• Withheld congressionally approved military aid to a U.S. ally under attack so as to coerce the Ukrainian government into launching an investigation of the Democratic Party’s 2020 front-runner, according to the sworn testimony of multiple administration officials.
• Ordered his subordinates to turn away any and all asylum-seekers at the southern border, in defiance of federal and international law — while promising those subordinates he would use his pardon power to insulate those who carried out his lawless directives from the threat of legal accountability, according to the New York Times.
• Fired and replaced the DHS officials who most vocally resisted his extralegal demands.
In other words: The president has publicly declared his contempt for the rule of law and attempted to subvert it in myriad ways — including ones that threaten to insulate him from the threat of legal or even electoral accountability.
Meanwhile, an executive-branch agency has unilaterally declared that a sitting president is immune from federal law as long as he or she remains in office. Thus the only immediate constraint on our avowedly tyrannical president’s authority is the threat of impeachment and removal — which, given the composition of the Senate, strikes most political observers as no constraint at all.
In this context, is a “Lock him up” chant really a more harrowing sign of creeping authoritarianism than a display of polite tolerance for the tyrant-in-chief would be? The former involves citizens ironically repurposing their abusive leader’s own demagoguery to protest his lawlessness. The latter assures that leader that he is not only above the law but also immune from social sanction.
To conclude that the “Lock him up” chant was an affront to democratic values rather than an expression of them, Victor and Scarborough must ignore most of the relevant context, impute the darkest possible intention to the chanters, and wildly misconstrue their relationship with Trump. Nationals fans are not the president’s political opponents; they are his constituents. And their conflict is not rooted (solely) in disagreements about policies and values; Trump enjoys extraordinary power over the chanters’ lives, a power he routinely abuses, in Victor’s and Scarborough’s own estimations.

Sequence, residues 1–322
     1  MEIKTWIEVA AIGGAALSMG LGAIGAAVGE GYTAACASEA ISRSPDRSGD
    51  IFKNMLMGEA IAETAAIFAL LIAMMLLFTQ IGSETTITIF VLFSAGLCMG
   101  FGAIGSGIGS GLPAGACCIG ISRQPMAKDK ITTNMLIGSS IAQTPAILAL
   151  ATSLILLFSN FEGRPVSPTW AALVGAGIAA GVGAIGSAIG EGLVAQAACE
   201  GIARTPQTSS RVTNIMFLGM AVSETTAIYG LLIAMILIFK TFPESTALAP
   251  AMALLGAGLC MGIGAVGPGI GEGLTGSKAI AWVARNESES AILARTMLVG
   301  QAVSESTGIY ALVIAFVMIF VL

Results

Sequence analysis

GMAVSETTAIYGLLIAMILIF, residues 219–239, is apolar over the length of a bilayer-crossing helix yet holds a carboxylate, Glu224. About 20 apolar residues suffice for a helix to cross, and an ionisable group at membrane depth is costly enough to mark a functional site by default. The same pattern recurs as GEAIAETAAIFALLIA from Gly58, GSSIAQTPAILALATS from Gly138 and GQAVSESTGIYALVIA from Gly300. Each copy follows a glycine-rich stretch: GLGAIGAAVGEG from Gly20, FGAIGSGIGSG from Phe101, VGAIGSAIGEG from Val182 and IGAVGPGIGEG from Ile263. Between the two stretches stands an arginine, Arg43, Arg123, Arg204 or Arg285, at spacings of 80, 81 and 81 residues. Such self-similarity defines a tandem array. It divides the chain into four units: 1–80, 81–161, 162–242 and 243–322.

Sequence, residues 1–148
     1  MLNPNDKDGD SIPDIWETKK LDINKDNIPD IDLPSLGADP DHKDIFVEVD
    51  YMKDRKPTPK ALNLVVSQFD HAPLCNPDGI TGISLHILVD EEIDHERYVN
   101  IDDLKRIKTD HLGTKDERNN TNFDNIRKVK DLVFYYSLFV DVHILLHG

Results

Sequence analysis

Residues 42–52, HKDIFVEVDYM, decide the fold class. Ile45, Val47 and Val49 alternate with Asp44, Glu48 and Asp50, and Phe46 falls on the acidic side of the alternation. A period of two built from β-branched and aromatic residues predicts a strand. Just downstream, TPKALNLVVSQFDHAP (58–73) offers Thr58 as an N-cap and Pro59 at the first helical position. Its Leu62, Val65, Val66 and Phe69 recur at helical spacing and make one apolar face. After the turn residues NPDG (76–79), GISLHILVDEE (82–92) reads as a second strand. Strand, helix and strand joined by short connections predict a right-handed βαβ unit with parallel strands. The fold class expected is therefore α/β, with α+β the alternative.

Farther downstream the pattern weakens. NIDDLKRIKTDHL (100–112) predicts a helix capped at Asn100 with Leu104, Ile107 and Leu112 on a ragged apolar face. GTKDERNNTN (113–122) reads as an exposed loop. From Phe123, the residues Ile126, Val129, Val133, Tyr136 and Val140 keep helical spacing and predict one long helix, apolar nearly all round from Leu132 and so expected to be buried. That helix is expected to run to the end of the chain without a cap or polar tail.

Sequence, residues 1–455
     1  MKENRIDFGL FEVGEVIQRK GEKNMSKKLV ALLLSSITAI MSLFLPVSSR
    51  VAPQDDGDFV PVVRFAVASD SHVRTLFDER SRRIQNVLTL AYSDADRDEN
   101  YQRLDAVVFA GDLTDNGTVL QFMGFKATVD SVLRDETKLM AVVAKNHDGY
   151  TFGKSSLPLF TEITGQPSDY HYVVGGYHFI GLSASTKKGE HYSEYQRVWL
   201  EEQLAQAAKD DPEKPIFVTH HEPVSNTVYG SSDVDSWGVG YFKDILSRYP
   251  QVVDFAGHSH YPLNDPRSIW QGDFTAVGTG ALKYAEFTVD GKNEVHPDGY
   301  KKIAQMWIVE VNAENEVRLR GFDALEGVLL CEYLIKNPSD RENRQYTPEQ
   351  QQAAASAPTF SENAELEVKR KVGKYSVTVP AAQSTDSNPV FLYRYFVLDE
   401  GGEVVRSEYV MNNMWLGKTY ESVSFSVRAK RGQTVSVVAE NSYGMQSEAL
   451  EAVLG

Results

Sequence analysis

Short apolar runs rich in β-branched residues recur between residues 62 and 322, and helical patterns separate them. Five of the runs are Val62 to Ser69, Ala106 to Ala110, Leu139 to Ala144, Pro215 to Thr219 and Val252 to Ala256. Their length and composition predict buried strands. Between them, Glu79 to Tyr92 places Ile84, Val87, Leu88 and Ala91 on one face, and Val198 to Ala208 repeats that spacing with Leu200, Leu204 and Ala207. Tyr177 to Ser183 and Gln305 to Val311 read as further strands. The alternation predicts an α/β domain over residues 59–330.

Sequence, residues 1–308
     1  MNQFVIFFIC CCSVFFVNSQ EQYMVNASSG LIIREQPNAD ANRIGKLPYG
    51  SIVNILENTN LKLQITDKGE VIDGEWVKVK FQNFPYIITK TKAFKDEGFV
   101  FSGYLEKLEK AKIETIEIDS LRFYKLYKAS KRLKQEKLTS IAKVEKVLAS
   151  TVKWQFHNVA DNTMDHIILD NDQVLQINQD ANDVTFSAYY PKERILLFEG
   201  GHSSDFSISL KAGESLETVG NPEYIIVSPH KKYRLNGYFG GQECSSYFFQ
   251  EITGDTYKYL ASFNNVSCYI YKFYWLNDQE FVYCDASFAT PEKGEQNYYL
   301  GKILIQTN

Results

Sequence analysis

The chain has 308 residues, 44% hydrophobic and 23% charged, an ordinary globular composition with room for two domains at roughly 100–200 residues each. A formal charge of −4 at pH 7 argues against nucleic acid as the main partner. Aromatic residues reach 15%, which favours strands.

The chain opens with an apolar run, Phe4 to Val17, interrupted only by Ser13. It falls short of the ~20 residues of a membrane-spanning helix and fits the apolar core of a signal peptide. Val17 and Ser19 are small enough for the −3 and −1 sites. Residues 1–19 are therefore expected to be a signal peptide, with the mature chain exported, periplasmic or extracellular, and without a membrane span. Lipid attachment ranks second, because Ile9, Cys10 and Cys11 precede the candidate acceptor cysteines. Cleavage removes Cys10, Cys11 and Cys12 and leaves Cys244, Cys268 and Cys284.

A stronger version of the anti-chant argument would focus on its potential consequences, rather than its moral character: Chanting “Lock him up” at Trump may be a worthy expression of democratic dissent in the abstract, but in our hyperpolarized polity, it risks eroding norms of partisan toleration and emboldening the reactionary right.
And yet, while this argument at least does not require misrepresenting Sunday night’s events, it rests more on faith than evidence. After all, what in the past three years (or past two decades) of American politics suggests that the center-left’s good faith and performative respect for institutional traditions will constrain the right’s illiberalism and abuses of power? (Did Nancy Pelosi’s painstakingly slow, deliberate approach to impeachment prevent Republicans from casting her inquiry as a “Soviet-style witch hunt?” Did Barack Obama’s refusal to publicly disclose the FBI’s investigation into the Trump campaign before Election Day 2016 prevent Republican leaders from accusing him of orchestrating that investigation for electoral purposes?)
The indiscriminate “respect for the office of the president” that Coons counsels has done little to arrest our republic’s descent into lawlessness. If anything, it has hastened that regression: What, other than such “respect,” enabled the DOJ to insist, without controversy, that Donald Trump can’t be held legally accountable for federal crimes until he leaves office? Or the Obama administration to insist, with self-righteousness, that George W. Bush must not be held legally accountable for his abuses of power upon returning to private life?
Americans did not win their republic by respecting the offices of tyrants (whether those tyrants occupied the throne in 18th-century London or the plantations of 19th-century Richmond). We’ll need a little less reflexive deference to decorum — and a little more “Nattitude” — if we wish to keep it.